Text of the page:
Britain at its best: Italian Piazza? No… Halifax! Discovering the West Yorkshire town’s incredible architecture
- Halifax is steadily reworking its stately buildings to meet 21st-century needs
- The Grade I-listed Piece Hall and piazza is now a superb retail and social hub
- Other heritage buildings are living on as bars, offices, shops and restaurants
Something isn’t quite right. Everyone in the grand Italianate piazza of The Piece Hall is basking in the afternoon sun as if on the Continent.
With a backdrop of honey-coloured colonnades and imposing arches, they sip local gin and watch the world go by. Yet this is Halifax in West Yorkshire.
The Grade I-listed Piece Hall’s origins explain the grand sweep of the piazza: built in 1779 as a cloth hall, it housed 315 merchants’ premises in a palatial neoclassical block around an outdoor trading place where ‘pieces’ of fabric were sold.
Continental feel: The Piece Hall in Halifax, a former cloth hall that is now a retail and social hub
The three-storey sole survivor of the North’s cloth halls was threatened with demolition in the Seventies, but it was saved and, in 2017, it was redeveloped as a superb retail and social hub.
The Piece Hall is at the heart of a rejuvenated Halifax, which is steadily reworking stately buildings from its days as a textile boomtown to meet 21st-century needs.
Heritage buildings live again as bars, such as the teeny Grayston Unity, whose outdoor tables sit below florid putti on the neighbouring town hall’s fine facade. The 22-acre Dean Clough Mills — once the world’s largest carpet factory — is now a mix of offices, shops, gallery spaces and museums.
Sculptures from Yorkshire’s Henry Moore Institute surround the building, with a nine-metre phoenix overlooking the car park. Inside, corridors are lined with paintings and photos.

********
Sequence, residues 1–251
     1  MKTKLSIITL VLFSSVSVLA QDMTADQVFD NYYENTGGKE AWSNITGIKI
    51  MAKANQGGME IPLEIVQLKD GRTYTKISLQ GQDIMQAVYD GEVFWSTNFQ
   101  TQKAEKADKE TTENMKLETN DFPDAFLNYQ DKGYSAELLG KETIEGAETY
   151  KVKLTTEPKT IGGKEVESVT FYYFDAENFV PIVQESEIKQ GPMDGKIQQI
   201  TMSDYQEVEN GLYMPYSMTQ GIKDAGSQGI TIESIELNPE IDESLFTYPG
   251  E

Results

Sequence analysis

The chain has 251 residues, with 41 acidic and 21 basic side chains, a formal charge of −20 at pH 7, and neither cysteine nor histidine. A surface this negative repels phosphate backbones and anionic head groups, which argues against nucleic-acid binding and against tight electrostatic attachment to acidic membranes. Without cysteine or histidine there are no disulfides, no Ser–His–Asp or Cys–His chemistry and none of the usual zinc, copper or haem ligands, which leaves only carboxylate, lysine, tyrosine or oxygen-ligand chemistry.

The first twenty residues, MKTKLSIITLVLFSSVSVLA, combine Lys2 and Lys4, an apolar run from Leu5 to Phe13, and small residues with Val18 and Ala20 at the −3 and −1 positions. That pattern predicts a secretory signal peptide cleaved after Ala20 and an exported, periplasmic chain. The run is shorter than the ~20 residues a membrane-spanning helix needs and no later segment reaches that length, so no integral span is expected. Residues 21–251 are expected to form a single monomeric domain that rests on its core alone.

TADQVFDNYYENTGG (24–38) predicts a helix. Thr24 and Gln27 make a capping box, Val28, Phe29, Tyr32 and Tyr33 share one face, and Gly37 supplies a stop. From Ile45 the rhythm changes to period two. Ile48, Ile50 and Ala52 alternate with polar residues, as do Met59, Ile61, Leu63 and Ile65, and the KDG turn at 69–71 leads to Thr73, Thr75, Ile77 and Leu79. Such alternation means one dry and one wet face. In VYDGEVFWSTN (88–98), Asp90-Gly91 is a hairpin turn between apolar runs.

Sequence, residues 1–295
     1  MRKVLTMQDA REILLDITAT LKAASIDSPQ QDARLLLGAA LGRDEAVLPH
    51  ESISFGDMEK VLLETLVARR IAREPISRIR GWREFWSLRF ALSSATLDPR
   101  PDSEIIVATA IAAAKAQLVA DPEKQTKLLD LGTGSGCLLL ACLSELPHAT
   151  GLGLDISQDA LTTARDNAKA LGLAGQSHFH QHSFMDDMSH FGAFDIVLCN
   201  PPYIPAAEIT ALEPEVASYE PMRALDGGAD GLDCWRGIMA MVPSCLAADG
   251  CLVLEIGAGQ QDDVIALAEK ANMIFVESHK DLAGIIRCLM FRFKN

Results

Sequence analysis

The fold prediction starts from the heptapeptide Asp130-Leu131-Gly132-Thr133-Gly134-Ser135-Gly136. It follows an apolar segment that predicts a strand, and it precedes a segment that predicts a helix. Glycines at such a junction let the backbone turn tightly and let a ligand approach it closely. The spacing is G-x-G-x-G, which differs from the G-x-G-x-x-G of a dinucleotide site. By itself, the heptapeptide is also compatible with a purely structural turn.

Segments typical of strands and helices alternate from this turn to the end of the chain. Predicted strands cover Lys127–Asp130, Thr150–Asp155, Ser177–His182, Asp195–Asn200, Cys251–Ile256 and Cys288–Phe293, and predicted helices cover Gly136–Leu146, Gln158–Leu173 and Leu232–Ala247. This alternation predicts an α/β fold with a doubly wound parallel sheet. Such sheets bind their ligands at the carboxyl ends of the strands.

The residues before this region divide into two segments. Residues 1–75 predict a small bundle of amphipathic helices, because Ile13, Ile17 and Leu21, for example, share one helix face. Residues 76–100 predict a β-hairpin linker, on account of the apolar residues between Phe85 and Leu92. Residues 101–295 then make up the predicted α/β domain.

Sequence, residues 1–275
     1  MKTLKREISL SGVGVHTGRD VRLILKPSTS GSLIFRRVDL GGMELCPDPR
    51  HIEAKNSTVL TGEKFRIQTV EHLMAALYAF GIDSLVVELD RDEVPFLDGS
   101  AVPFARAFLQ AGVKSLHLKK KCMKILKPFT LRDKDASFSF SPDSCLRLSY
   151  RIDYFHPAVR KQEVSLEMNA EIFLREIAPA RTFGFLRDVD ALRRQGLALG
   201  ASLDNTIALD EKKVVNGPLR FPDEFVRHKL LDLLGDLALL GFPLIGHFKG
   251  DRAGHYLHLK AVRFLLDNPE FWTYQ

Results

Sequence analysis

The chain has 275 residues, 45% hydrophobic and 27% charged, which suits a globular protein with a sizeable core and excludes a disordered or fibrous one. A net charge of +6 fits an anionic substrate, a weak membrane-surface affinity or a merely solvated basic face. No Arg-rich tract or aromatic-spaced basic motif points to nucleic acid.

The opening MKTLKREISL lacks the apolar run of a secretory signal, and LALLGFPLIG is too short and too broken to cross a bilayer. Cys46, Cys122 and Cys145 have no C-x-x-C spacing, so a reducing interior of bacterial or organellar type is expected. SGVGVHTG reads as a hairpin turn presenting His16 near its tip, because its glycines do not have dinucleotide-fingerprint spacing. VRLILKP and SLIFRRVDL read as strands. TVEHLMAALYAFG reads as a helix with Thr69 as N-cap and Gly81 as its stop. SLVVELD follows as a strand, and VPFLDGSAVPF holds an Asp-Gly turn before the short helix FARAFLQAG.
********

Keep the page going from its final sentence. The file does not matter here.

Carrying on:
‘Please disturb. Just knock and come in,’ says a sign on the door of painter-in-residence Doug Binder.
Prince Charles has long believed in Halifax’s potential. When philanthropist Vivien Duffield wanted to set up a national children’s museum, he suggested land by Halifax station. The museum, Eureka!, has more than 300 interactive educational exhibits which teach young people about themselves and the wider world.
Another name drawing visitors to Halifax is lesbian industrialist, diarist and traveller Anne Lister, who was called ‘Gentleman Jack’ for her masculine appearance.
Lister, whose life was dramatised recently in a BBC series, lived at Shibden Hall, outside the town. ‘Last Bank Holiday Monday we had 60 visitors,’ says a guide excitedly. ‘This time we had 550.’
Just outside of the town of Halifax is Shibden Hall, a 15th-century house where industrialist Anne Lister once lived
Lister modernised the 15th-century house upon inheriting it in 1836, panelling its Tudor walls in mahogany and adding a grand central staircase, whose double-helix banisters were copied from the altar rail at Halifax Minster, where Lister is buried.
After her death in Georgia in 1840, her body was repatriated by her ‘wife’ Ann Walker. Her broken tombstone was found under pews in 2000.
The Minster is an architectural mix, with Norman walls bleeding into the mainly 15th-century structure, rooftop coats of arms as vibrant as 500 years ago and a Victorian rood screen. Medieval misericords, which prop up clergy during long services, are carved with mermaids, green men and pelicans (Jesus in iconography).
There’s a Norman tomb dating to about 1150, on which a carved pair of shears defies the assumption that the cloth industry began in the 14th century. Proof, as if you needed it, that this is a place where the past always surprises.